In the second part, the interaction between plasmonic metal nanoparticles (Au, Ag, Pd, alloy Au-Ag, Au-Pd), as well as silicon nanoparticles, and cis-isomers of azobenzene containing compounds is addressed. Cis-trans thermal isomerization of azobenzenes was enhanced in the presence of gold, palladium, and alloy gold-palladium nanoparticles. The influence of the surfactant structure and nanoparticle material on the azobenzene isomerization rate is expounded. Gold nanoparticles showed superior catalytic activity for thermal cis-trans isomerization of azobenzenes. In a joint project with theoretical chemists, we demonstrated that the possible physical origin of this phenomenon is the electron transfer between azobenzene moieties and nanoparticle surfaces.
In the third part, complexes between gold nanorods and azobenzene surfactants with different tail length were exposed to UV and blue light, inducing trans-cis and cis-trans isomerization of surfactant, respectively. At the same time, the position of longitudinal plasmonic absorption maximum of gold nanorods experienced reversible shift responding to the changes in local dielectric environment. Surface plasmon resonance condition allowed the estimation of the refractive index of azobenzene containing surfactants in solution.

Fixational eye movements show scaling behaviour of the positional mean-squared displacement with a characteristic transition from persistence to antipersistence for increasing time-lag. These statistical patterns were found to be mainly shaped by microsaccades (fast, small-amplitude movements). However, our re-analysis of fixational eye-movement data provides evidence that the slow component (physiological drift) of the eyes exhibits scaling behaviour of the mean-squared displacement that varies across human participants. These results suggest that drift is a correlated movement that interacts with microsaccades. Moreover, on the long time scale, the mean-squared displacement of the drift shows oscillations, which is also present in the displacement auto-correlation function. This finding lends support to the presence of time-delayed feedback in the control of drift movements. Based on an earlier non-linear delayed feedback model of fixational eye movements, we propose and discuss different versions of a new model that combines a self-avoiding walk with time delay. As a result, we identify a model that reproduces oscillatory correlation functions, the transition from persistence to antipersistence, and microsaccades.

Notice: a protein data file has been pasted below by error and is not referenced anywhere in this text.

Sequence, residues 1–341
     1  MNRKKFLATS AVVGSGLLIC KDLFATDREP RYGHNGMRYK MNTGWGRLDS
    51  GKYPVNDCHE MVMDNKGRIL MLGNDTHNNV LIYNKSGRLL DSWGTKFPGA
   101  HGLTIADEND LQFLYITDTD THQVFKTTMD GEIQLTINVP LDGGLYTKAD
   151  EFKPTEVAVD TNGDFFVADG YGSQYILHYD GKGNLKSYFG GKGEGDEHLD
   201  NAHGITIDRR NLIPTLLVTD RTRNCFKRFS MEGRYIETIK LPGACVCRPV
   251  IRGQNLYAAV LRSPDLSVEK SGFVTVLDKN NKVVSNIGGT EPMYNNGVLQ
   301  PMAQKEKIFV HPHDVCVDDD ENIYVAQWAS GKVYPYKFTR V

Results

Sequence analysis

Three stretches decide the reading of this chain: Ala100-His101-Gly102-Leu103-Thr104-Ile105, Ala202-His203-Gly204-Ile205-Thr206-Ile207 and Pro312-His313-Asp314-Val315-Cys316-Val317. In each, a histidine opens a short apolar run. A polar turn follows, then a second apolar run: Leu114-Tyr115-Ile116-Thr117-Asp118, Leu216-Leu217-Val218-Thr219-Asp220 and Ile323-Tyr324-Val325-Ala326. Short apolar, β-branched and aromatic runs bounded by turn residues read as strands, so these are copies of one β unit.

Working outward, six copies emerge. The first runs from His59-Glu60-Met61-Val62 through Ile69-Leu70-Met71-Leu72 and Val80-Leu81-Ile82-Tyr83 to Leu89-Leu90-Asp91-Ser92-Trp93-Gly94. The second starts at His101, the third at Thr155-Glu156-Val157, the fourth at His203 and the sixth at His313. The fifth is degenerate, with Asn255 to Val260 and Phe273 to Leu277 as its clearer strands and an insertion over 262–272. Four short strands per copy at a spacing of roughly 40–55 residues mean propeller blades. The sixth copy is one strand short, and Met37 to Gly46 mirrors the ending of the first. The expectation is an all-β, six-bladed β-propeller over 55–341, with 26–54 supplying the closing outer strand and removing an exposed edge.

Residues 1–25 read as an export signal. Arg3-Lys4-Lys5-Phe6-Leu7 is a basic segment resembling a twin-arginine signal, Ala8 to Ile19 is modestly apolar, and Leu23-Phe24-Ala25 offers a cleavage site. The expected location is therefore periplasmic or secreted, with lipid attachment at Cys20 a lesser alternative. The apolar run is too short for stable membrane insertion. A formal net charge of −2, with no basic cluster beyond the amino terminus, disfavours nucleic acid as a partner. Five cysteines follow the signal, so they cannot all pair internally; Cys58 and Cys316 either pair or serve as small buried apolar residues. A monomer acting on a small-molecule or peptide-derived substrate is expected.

Effects of the target aspect ratio and intrinsic reactivity onto diffusive search in bounded domains
(2017)

We study the mean first passage time (MFPT) to a reaction event on a specific site in a cylindrical geometry—characteristic, for instance, for bacterial cells, with a concentric inner cylinder representing the nuclear region of the bacterial cell. Asimilar problem emerges in the description of a diffusive search by a transcription factor protein for a specific binding region on a single strand of DNA.We develop a unified theoretical approach to study the underlying boundary value problem which is based on a self-consistent approximation of the mixed boundary condition. Our approach permits us to derive explicit, novel, closed-form expressions for the MFPT valid for a generic setting with an arbitrary relation between the system parameters.Weanalyse this general result in the asymptotic limits appropriate for the above-mentioned biophysical problems. Our investigation reveals the crucial role of the target aspect ratio and of the intrinsic reactivity of the binding region, which were disregarded in previous studies. Theoretical predictions are confirmed by numerical simulations.

Effects of the target aspect ratio and intrinsic reactivity onto diffusive search in bounded domains
(2017)